When the best way is to press

A stork stands on a rocky shore, surrounded by tall grasses and grasping a favorite delicacy in its beak — a small, still writhing snake. An extraordinarily rich red shading down to yellow amber sets a mood of evening, of a brilliant sunset.

Long considered one of the most desirable forms among collectors of American art glass, this vase is all the more remarkable because it was machine pressed, in a mold. But why?

Popcorn! - An extra twist ...

As rare as hen's teeth, this 5 1/4" high amber Ohio flask has a pattern known to collectors as "popcorn."

Blowers got considerable mileage from an ancient tool — a small, cup-shaped mold surrounded by deep vertical grooves.

We made this

A green and green amber flask with scroll borders shows that bottle makers considered it more than reasonable to advertise themselves prominently on their products.

This particular flask announces that it was made at the Louisville Glass Works, in Louisville, Kentucky, which operated between 1855 and 1874 in a factory opened in 1850 by the Kentucky Glass Works.

Rapid fire invention

The fashionable heart and lyre border and wide field of strawberry diamonds conceal the experimental nature of this rare example of early American pressing.

Ghost of an owner past

A pair of finger bowls made and decorated in New York City in the 1850s or 1860s help clear up a lingering question about the removal or modification of engraved decoration.

The curator's question was simple: "Could that monogram have been added on top of another?"

Of exemplary design

Tall, elegant and colorful, this vase with rock crystal engraving is of a kind presented in 1903 by its manufacturer to the Pennsylvania Museum and School of Industrial Design as an example of its very best.

Rock crystal relates this highly polished decoration to that found on Renaissance and Baroque objects cut from naturally occurring crystal — a near colorless and transparent quartz that could also be highly polished.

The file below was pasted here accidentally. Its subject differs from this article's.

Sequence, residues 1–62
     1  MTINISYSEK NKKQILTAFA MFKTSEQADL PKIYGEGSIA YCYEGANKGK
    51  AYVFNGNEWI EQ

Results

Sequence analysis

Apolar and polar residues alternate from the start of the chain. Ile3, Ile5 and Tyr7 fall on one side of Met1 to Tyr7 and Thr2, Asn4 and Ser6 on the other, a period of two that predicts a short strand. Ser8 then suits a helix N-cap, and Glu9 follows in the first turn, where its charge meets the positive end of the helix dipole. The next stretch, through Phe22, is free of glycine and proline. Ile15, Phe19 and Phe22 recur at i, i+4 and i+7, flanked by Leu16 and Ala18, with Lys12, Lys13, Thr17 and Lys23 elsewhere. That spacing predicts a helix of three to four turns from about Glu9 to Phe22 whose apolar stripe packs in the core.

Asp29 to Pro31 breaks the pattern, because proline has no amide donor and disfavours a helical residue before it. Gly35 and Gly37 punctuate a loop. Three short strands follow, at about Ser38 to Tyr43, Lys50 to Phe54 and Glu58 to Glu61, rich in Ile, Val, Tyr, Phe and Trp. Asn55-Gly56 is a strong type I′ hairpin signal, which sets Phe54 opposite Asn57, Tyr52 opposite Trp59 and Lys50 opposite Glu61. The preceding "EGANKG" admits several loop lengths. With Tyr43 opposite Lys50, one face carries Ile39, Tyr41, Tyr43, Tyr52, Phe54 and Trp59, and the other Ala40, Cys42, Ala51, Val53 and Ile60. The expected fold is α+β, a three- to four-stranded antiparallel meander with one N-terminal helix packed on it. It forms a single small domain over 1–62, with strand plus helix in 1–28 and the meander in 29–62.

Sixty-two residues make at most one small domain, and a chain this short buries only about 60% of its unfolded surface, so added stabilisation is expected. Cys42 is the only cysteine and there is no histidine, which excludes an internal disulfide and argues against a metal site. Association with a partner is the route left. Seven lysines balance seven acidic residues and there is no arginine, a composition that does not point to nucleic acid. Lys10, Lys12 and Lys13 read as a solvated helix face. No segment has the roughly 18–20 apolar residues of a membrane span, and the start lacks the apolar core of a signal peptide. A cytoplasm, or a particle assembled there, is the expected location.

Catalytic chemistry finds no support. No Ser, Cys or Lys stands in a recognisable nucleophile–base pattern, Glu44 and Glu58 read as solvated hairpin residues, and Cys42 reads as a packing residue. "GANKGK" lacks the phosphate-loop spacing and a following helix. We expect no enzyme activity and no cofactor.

Marked as a pair

Two strikingly similar blown and cut nine inch tall pitchers left a Midwestern glasscutter's shop together in the 1840s, marked as a pair.

Each is marked with a small scratched number '5' to the right of its upper handle attachment.

Competing with porcelain?

An extremely rare opalescent fruit basket made in New England about 1840 emulates porcelain twice — in form and color — and in some ways surpasses it.

Opalescent Ribbon Compote (30K)

With open sides consisting of ribbons of glass it emulates a form long known in porcelain. Porcelain fruit baskets were popular in early Federal period America. They were both imported from Europe and made by America's most successful porcelain manufacturer of the period, the Tucker factory of Philadelphia.

Just too late for Paris

A near-black vase with bright swatches of green, blue and pink marks America's 1878 entry into what we now call Art Glass.

Mount Washington Lava Vase (34K)

1878 — all fashionable manufacturers went to Paris for its Universal Exposition, the latest World's Fair. Gallé, Webb and the Venice and Murano Company displayed adventurous glass designs. An American visitor wanted to shout out loud,

See catalog for prices

This seven inch diameter footed bowl with hinged tin lid was known in its day as a cracker bowl or bar sugar.

Cracker bowl (13K)

The original use of antique objects is often lost to time. Without its lid this bowl might be called a small compote or footed bowl. However, with fitted metal lid and rim it was clearly made for some special purpose.

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